Saturday, June 27, 2009

A discussion on the 'Indian Perspective of Wealth Management'

During a recent visit at the Indian School of Business (ISB), Pallav Sinha, Managing Director and Chief Executive Officer, Fullerton Securities and Wealth Advisors Limited, India, interacted with the students and discussed with them the ‘Indian Perspective of Wealth Management.’ Calling it a privilege to be at the ISB and to address the students, some of the topics Sinha discussed during the session were - the different segments in business, importance of customer relationship, the formula for success etc.


Talking about the philosophy of Fullerton’s business and what kind of space it has in the Indian market, Sinha said, “Most of us have heard of fortune being made at the top of the pyramid and at the bottom of the pyramid. But there is a huge business opportunity in the middle segment, which often tends to be ignored. This is not a prime target market for a majority of the people.” According to Sinha, it is possible to make huge business propositions in this segment for a variety of reasons - there are very few people here like the micro-finance companies, small personal loan companies etc., that target the lower income. Sinha calls this the ‘underserved segment’ and calls the one right on top the ‘spoilt for choice segment,’ as every financial services company and bank targets this. “It is important to understand what each segment requires, and quite obviously at the bottom it is more basic needs and as you go on top it gets sophisticated,” added Sinha.


Retail financial service players find it extremely difficult to enter at the sophisticated level and create product structures and a business proposition there. Entering at the middle segment is the best option for a new entrant because it allows one to acquire new relationships and deepen them over a period of time. “It is a great strategy for acquiring entry and new customers, because in consumer business the number of customers define your success factor,” mentioned Sinha.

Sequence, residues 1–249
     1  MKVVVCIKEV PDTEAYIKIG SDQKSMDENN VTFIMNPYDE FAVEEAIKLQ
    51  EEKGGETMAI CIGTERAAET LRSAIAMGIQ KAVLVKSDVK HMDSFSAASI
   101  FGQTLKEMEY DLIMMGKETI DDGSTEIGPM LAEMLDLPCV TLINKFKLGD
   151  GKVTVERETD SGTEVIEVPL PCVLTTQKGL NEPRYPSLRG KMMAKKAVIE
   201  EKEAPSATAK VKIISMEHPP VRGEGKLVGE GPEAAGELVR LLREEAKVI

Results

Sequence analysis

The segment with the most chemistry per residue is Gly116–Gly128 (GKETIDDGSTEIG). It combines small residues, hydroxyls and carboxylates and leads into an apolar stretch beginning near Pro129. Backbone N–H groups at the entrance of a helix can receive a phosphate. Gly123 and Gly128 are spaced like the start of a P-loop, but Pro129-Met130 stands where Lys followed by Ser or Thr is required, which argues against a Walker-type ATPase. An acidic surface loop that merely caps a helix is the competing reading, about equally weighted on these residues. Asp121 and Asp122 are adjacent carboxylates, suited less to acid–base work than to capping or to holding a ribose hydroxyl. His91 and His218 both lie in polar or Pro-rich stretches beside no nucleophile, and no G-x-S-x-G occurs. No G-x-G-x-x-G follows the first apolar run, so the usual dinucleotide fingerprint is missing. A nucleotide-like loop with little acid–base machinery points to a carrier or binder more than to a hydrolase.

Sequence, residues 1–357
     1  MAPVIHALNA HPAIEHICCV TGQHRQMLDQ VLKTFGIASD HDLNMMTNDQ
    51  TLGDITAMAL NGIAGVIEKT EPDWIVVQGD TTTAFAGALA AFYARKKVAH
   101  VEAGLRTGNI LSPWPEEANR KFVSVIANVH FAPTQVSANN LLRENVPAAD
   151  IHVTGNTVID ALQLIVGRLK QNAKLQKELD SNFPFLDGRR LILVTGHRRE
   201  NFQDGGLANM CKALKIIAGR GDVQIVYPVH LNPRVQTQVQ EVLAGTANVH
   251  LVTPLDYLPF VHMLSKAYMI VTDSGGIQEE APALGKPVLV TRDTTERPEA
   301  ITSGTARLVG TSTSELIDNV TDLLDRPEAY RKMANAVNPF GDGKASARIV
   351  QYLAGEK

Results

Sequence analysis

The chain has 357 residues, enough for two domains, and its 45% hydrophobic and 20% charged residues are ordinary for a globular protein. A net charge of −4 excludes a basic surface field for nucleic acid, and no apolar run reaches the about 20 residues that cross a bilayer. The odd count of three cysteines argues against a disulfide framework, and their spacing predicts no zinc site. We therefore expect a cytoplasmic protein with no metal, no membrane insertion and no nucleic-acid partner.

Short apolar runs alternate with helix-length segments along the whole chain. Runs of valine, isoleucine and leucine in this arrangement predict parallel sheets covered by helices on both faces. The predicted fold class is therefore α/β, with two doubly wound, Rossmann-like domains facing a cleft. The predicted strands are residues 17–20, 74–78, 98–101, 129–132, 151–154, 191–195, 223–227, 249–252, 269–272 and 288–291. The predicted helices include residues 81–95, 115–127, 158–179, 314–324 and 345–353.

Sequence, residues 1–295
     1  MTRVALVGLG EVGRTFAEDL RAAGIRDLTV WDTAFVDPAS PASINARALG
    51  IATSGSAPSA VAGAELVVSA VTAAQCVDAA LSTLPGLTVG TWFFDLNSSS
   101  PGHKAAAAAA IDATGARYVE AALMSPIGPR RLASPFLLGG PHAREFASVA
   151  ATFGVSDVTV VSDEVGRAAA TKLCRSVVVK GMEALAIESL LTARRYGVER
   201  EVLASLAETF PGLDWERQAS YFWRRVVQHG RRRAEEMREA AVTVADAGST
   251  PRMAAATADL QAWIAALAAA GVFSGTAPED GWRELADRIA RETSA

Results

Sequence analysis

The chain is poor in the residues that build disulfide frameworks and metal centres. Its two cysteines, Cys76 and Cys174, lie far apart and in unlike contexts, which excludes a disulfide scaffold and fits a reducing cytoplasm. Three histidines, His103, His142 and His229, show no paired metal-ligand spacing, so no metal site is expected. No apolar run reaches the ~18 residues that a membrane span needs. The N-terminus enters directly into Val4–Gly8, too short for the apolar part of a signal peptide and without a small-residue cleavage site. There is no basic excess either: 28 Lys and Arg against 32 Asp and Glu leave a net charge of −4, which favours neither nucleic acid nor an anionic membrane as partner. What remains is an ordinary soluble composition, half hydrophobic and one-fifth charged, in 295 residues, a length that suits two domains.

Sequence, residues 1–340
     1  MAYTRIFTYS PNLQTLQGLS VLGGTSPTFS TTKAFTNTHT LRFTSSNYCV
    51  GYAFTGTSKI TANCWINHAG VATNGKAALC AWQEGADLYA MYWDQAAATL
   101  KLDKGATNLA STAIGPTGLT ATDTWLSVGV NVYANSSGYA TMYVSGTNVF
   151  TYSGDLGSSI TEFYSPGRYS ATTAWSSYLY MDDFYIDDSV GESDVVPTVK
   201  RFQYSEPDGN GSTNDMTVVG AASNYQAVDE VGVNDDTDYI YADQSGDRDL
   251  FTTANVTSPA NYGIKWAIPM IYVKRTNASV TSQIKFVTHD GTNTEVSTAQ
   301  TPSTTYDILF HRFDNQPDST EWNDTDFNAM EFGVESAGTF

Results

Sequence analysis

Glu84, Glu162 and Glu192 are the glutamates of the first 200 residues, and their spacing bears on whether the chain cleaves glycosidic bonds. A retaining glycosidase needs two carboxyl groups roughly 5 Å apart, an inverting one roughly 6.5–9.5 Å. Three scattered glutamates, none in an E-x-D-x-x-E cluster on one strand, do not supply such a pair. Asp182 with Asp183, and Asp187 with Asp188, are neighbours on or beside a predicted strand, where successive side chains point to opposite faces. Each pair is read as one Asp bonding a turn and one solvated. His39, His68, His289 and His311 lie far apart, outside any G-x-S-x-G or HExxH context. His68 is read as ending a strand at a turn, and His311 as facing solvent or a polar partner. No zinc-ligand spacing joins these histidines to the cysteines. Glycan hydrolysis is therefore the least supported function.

The other important factor Sinha discussed was customer relationship. He said, “One should be able to measure customer profitability, and in my experience it is extremely difficult to measure it because all financial services and banks are sometimes unable to identify how many products a customer has. “As it is not possible for one entity to deliver multiple products, according to Sinha, the recipe for success is to identify customers across products and deliver. Customers should be able to get all the information they require from one person at one point.


Sinha ended the session by sharing the four most important factors in business execution and implementation, which are customer experience, product programmes, sales and pricing. “It is important to have an implementation plan. Here, there is no scope to do different things but it is about doing things differently like reducing cost of acquisition, looking at credit margin and not credit losses etc. At the same time it is very important to define your unique value proposition to tell people what you stand for in the market. But it can never be static. You need to constantly revaluate it and fine tune it,” concluded Sinha. 

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